Washington Governor Jay Inslee backs B.C. in Trans Mountain expansion fight
British Columbia has a major political ally on board in the fight against the Trans Mountain pipeline. Washington Governor Jay Inslee, rumoured to be a potential Democratic presidential candidate in 2020, is pledging to do what he can to support B.C.’s push to stop an increase in bitumen flow to the west coast.
“We in Washington are very appreciative of the leadership your premier is taking on this issue,” said Inslee, answering questions from reporters in Vancouver. “We have serious questions about whether it really makes sense to be making such significant investments in fossil fuel infrastructure given the fact we know we need to wean ourselves off carbon based fuels.”
An oil spill bill in Washington, a pipeline protest in B.C.
Calls to action aimed at keeping oil out of the Salish Sea heard on both sides of border
On the eve of March 10's Protect the Inlet march that drew ten thousand people to march 2.5 kilometres up a hill (and back). Washington State's governor signed legislation protecting the orcas, salmon and https://www.seattlepi.com/local/politics/article/Canada-Oil-Pipeline-Protest-12736836.php
Washington has a new layer of protection for the Salish Sea, with the Legislature on Wednesday completing passage of the Oil Spill Prevention Act and sending it to Gov. Jay Inslee for his signature.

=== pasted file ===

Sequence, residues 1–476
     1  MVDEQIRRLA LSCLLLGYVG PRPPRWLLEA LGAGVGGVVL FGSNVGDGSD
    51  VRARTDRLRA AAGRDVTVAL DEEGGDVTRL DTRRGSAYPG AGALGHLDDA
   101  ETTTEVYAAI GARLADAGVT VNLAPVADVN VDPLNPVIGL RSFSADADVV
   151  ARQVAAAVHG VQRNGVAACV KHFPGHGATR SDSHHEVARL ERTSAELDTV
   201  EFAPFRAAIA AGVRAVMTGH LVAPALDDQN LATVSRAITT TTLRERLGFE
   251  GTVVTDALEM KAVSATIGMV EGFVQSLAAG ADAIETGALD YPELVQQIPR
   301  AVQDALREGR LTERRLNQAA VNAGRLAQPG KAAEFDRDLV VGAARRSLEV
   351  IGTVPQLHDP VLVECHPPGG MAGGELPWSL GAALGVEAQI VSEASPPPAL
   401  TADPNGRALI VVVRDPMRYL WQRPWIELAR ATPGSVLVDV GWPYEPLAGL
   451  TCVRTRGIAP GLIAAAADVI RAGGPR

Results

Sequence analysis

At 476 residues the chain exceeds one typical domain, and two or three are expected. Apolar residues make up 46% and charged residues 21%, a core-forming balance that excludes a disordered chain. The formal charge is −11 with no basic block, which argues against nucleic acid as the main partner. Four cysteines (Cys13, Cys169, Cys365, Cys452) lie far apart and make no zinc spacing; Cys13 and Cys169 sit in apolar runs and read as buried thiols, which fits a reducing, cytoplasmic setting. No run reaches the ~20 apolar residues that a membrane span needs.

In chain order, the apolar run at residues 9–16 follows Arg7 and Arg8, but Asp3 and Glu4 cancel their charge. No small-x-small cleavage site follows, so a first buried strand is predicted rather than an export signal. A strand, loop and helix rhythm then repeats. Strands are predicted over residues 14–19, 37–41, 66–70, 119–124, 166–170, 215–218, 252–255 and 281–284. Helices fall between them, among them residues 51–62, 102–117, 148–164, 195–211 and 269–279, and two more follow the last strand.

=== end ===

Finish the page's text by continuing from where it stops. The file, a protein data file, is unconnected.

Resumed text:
The Washington bill is a signal of wariness toward potential oil spills on this side of the border. The British Columbia government, meanwhile, is trying to stop the planned 890,000 barrel-a-day pipeline that would carry Alberta tar sands oil to a tanker port in Burnaby, B.C., just east of Vancouver.
Washington lawmakers acted to close a tax loophole for oil moving by pipeline, thereby ensuring all modes of transporting oil are taxed at the same rate to support the state's prevention and spill preparedness work.
The legislation sets out to identify and accelerate additional safety measures to prevent spills, such as dealing with the threat of barge traffic and working with British Columbia on risks of transport through the Salish Sea.
The bill was sponsored by state Sen. Kevin Ranker, D-Orcas Island, whose district now sees tanker traffic to two refineries at Cherry Point north of Bellingham, and would see tankers in and out of Burnaby pass San Juan Island through Haro Strait.
From Globe Forum 2018 in Surrey, British Columbia: